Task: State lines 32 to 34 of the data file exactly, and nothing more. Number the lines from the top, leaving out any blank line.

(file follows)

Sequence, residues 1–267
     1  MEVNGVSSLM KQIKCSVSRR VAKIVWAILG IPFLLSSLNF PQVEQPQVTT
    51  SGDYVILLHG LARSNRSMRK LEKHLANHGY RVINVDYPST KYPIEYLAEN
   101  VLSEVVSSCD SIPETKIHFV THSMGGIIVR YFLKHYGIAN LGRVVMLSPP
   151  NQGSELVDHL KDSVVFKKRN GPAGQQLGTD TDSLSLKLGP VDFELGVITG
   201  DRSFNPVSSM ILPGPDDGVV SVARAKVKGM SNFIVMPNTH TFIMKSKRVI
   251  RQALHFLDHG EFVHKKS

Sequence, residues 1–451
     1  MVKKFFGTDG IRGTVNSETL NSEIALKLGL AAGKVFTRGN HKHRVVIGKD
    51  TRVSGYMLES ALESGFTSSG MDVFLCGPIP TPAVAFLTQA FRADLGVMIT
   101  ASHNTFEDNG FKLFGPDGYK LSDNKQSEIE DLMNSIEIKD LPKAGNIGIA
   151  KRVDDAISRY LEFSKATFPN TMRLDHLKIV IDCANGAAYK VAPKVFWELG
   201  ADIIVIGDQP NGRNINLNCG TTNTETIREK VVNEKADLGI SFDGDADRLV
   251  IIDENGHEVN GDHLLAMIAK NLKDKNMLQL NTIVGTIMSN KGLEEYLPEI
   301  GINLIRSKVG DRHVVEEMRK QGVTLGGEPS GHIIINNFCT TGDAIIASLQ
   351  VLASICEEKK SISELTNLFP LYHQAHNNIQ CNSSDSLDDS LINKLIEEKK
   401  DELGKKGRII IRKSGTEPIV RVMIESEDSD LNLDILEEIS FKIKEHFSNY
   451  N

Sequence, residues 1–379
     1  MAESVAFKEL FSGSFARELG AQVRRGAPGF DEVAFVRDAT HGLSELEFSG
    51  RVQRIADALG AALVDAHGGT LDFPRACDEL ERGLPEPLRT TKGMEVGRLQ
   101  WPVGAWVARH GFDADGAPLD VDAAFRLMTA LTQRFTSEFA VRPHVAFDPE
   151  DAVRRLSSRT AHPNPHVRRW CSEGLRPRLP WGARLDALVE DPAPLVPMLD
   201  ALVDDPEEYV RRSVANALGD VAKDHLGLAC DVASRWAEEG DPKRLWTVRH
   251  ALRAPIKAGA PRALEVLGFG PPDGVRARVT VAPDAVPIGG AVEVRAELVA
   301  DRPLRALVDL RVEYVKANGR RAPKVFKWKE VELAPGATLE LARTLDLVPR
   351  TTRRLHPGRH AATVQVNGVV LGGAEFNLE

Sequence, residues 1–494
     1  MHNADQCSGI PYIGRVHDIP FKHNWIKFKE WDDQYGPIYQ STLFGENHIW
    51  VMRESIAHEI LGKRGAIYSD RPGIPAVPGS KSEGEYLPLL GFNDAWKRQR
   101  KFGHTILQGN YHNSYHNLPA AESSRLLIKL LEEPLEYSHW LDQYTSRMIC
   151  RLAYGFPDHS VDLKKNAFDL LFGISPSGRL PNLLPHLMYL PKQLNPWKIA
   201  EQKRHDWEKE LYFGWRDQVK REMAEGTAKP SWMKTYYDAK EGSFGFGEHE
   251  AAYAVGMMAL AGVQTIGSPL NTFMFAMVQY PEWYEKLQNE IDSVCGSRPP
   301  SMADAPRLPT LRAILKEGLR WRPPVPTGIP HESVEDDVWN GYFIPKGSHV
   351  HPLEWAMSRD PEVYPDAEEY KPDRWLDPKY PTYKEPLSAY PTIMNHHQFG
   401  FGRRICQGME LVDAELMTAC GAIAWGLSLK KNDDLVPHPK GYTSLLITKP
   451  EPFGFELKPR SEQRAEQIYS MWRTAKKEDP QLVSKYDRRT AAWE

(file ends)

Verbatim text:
   151  RLAYGFPDHS VDLKKNAFDL LFGISPSGRL PNLLPHLMYL PKQLNPWKIA
   201  EQKRHDWEKE LYFGWRDQVK REMAEGTAKP SWMKTYYDAK EGSFGFGEHE
   251  AAYAVGMMAL AGVQTIGSPL NTFMFAMVQY PEWYEKLQNE IDSVCGSRPP